Gets overextended too often and bent over at the waist though contact and can be hung up easily at times. However, plays off slide down blocks well down the line because of his athleticism and length and is tough to reach the corner on because he closes quickly as well. Exhibits the anchor strength to consistently set the edge when run at and really took a liking to his motor this season. Played hungry more consistently chasing from the backside and making far more plays in pursuit.
Possesses a good first step off the edge in the pass game for a guy his size and again extends his arms well in order to quickly gain inside position. Generates a natural pop at the point of attack and can initially overwhelm on contact. Works his legs well through the play when engaged and has the ability to drop his pad level when trying dip around the edge and accelerate past his man. Displays some natural flexibility and fluidity in all areas of the game and when in space does a nice job suddenly using his inside move to slip blockers inside and accelerate quickly toward the quarterback.
However, lacks the kind of burst to consistently turn the corner off the edge and isn't real shifty through contact. Doesn't disengage from blocks nearly as well as given credit for as a pass rusher off the edge and too often gets upright and hung up easily when engaged off the edge. Works hard and has the natural power/length and athleticism to eventually fight his way through contact and close, especially when the QB is flushed from the pocket, but isn't nearly as savvy or technically sound using his hands to consistently disengage.
Had some trouble with his weight during the early part of his career at Clemson. Seemed to lean out and really take his game to another level as a junior with the potential of entering the draft. Therefore, will he keep that same type of drive once he is drafted high and has a significant paycheck in his pocket?
Impression: A strong, long-armed athlete with impressive closing speed for his size and natural anchor strength. However, needs to do a better job using his hands to shed blocks in both the run and pass game, gets held up far too often when engaged for me to give him an elite level grade."
Run Defense: Ready-made strong-side NFL defensive end because of his strength as a run-stopper. Uses thick upper body, quickness and awareness, and leverage to keep containment on the edge, and sheds most tackles easily. Stays square to the line of scrimmage and shows good awareness throughout the play. Competes, chasing to either sideline, even after losing his balance. Takes on multiple blockers, (tackles, pulling guards and fullbacks) as they come with violent hands so he can hold his ground. Generally stays alive against cut blocks, but loses his balance regularly and needs to use his hands better to defeat.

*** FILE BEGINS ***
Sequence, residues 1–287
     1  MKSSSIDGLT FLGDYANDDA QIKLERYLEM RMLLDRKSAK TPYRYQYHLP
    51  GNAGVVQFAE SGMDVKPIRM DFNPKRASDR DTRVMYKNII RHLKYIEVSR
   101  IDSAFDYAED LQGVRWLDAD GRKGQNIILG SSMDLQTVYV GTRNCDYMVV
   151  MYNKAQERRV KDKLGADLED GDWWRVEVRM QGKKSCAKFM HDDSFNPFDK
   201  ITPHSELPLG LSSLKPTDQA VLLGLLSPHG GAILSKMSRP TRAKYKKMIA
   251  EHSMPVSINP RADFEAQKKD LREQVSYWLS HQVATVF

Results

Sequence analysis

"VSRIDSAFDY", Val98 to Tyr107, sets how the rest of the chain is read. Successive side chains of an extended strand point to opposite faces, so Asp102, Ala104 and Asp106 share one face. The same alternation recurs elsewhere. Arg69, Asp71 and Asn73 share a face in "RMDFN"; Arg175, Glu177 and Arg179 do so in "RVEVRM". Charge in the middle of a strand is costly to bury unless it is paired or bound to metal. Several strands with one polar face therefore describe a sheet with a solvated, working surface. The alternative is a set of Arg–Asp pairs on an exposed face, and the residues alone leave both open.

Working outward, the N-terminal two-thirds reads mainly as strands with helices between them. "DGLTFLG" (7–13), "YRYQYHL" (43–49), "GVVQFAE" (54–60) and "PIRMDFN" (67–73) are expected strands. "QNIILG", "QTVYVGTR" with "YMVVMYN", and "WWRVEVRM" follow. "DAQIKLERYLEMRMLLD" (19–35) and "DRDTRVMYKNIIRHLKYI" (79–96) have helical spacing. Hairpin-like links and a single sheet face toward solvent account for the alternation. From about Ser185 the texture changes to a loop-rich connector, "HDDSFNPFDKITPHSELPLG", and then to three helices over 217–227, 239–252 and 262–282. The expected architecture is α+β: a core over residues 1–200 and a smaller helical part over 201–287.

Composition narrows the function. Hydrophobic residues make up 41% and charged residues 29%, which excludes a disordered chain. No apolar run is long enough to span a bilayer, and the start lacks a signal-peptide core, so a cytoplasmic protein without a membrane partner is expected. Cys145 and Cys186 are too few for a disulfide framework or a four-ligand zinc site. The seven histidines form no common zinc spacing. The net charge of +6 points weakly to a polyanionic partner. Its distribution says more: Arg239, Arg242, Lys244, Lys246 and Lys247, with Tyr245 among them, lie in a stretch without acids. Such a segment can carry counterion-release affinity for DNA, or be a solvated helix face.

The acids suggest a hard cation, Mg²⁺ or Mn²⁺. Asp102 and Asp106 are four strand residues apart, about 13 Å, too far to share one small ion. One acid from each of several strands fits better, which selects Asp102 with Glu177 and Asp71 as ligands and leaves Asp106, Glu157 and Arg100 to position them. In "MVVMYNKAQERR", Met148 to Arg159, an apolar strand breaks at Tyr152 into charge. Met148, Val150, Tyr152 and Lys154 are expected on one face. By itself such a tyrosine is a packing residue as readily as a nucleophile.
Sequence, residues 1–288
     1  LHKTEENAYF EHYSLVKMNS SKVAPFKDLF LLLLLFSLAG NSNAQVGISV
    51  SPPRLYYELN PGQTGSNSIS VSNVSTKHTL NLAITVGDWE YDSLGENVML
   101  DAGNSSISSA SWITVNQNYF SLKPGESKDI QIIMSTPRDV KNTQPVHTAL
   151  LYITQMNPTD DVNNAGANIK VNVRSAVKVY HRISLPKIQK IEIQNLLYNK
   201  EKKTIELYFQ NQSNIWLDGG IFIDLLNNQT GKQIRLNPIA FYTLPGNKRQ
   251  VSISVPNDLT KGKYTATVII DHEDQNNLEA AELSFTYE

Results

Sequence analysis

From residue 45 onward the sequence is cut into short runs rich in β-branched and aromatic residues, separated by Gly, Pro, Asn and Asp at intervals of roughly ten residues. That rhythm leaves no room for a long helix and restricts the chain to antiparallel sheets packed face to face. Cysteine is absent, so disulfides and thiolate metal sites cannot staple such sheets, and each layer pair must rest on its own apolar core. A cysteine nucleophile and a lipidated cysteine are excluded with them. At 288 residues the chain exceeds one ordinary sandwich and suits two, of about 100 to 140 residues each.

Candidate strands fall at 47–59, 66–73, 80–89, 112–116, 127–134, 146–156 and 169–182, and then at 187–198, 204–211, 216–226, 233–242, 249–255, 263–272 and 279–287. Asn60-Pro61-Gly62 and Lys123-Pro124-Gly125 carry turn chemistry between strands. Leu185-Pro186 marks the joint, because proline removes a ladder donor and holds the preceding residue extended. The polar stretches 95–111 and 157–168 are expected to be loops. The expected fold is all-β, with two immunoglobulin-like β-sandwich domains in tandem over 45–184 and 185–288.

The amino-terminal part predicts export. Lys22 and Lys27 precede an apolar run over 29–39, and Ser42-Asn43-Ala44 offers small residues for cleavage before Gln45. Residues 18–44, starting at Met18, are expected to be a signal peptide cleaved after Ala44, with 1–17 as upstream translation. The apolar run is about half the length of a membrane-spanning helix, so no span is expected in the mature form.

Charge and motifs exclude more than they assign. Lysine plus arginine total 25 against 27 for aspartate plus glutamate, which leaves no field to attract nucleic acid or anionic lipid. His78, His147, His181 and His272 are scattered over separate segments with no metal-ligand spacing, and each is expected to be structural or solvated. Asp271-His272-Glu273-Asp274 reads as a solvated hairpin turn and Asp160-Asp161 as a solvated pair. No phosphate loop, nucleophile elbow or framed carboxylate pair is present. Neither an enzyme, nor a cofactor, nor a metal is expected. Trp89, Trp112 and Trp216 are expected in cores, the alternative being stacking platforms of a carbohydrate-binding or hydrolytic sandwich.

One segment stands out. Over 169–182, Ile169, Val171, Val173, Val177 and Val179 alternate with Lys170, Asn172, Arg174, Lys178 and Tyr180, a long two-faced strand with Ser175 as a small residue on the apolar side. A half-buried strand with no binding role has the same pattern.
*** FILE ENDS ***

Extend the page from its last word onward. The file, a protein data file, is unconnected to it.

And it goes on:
Explosion: Has explosive strength on the edge, bringing his full force in his hand punch to the chest of overmanned college tackles on bull rushes and when shedding blocks. Flashes the ability to come hard off the snap and turn the corner as a pass rusher on the strong side, but may struggle to do so against NFL right tackles without improving technique.
Strength: Already looks like an NFL end, pushing some tackles into the backfield with one arm, and will only grow stronger over the next couple of years in a pro strength and conditioning program. More developed in the upper body than the lower body, but plays with excellent leverage against bigger linemen. Strong hands to shed on the outside.
Tackling: Combines NFL-quality strength and length to provide explosive tackling on the edge. Most ballcarriers find it difficult to evade him once in his grasp. Closing speed and strong wrap give him the capability of forcing fumbles on sacks or against ballcarriers in the open field. Changes direction well for his size and is able to keep himself in outside runs to force a decision. NFL backs won't go down as easily as college backs do when he gets one hand on them, however.
Intangibles: Matured and turned on his game after losing his mentor, former DE Gaines Adams (cardiac arrest) and his father (seizure) over the past year. Lost 20 pounds between junior and senior seasons. His best football is ahead of him. Has become a student of the game."